It was bad enough that few people flowed the directions and let the surface remain wet for 5 minutes to kill the stubborn ones, now finding out that those that did follow the directions, may have still been working with contaminated area., when i gt home i will post the article.
                        cauda equina

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                        • #27
                          Only chlorox kills cdiff not the other things and not hand sanitizer. And of course washing hands will wash it away.
                          Every patient items,-bed,bedside table, side rails, tv remote-whatever is touched etc.. should be sanitized daily and after csare- do you ever see this being done?
                          But preactive and if you can ask for the cleanser and do it!
                          CWO
                          The SCI-Nurses are advanced practice nurses specializing in SCI/D care. They are available to answer questions, provide education, and make suggestions which you should always discuss with your physician/primary health care provider before implementing. Medical diagnosis is not provided, nor do the SCI-Nurses provide nursing or medical care through their responses on the CareCure forums.

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                          • #28
                            Originally posted by Patty41 View Post
                            LoL..thanks t8burst!! Certainly, I need to pay more attention to the dates on the items I'm responding to. Thanks again!!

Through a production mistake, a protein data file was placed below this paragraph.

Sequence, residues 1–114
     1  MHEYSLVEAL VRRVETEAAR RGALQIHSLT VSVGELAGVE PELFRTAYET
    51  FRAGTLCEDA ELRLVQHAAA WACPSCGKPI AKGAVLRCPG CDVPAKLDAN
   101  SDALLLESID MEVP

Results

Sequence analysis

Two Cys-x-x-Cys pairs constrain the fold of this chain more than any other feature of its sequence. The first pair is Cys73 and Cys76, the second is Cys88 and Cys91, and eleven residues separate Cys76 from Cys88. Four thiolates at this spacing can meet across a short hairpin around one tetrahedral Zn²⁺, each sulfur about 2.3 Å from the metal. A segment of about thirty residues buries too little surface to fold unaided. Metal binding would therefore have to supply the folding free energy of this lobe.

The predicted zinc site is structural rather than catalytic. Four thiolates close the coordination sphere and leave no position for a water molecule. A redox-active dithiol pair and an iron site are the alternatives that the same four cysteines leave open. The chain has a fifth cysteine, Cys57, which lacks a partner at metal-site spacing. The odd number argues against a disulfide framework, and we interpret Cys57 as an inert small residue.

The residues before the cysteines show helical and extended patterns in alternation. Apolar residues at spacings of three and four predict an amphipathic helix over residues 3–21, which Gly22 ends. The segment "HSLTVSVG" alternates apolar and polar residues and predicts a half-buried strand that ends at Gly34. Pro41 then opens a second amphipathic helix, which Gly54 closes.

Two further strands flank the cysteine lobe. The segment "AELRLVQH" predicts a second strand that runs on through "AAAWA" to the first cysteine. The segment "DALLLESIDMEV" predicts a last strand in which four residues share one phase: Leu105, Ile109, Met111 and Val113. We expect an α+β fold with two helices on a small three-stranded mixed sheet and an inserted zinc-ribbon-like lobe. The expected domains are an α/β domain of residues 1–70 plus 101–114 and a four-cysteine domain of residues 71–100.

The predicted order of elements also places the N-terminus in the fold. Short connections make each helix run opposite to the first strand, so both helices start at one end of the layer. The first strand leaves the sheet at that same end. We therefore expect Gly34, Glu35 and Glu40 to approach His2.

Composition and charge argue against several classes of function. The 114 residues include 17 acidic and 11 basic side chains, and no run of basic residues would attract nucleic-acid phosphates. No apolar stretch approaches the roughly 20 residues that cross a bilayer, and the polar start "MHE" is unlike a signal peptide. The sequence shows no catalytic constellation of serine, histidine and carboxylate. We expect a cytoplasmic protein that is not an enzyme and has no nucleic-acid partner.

I can't read the middleendian dates in white.

                            ISO date is CCYY-MM-DD. Littleendian date c'th is DD/MM/YY or DD/MM/CCYY.
                            http://zagam.net/

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                            • #29
                              Hospital rules for Cathy:
                              Always wash hands before touching. Caregiver stays with her, or I do. We are the only ones allowed to touch her unless absolutely necessary on their part. She is used to our germs. They argue, but that is life. Problem is even if they wash- if they push back their hair, or scratch their nose, or put hands on hips or whatever common human thing they do, they probably did it down the hall as well, and transfer whatever that is between patients even after washing. I pull her out of the hospital ASAP- even for recovery. They have forms they make us sign called AMA. I have signed several. Each time she had extended stay, she caught something. Better to die at home than slow MRSA death in a hospital. Plus, we have the equipment they do not. Lifts, chairs, etc.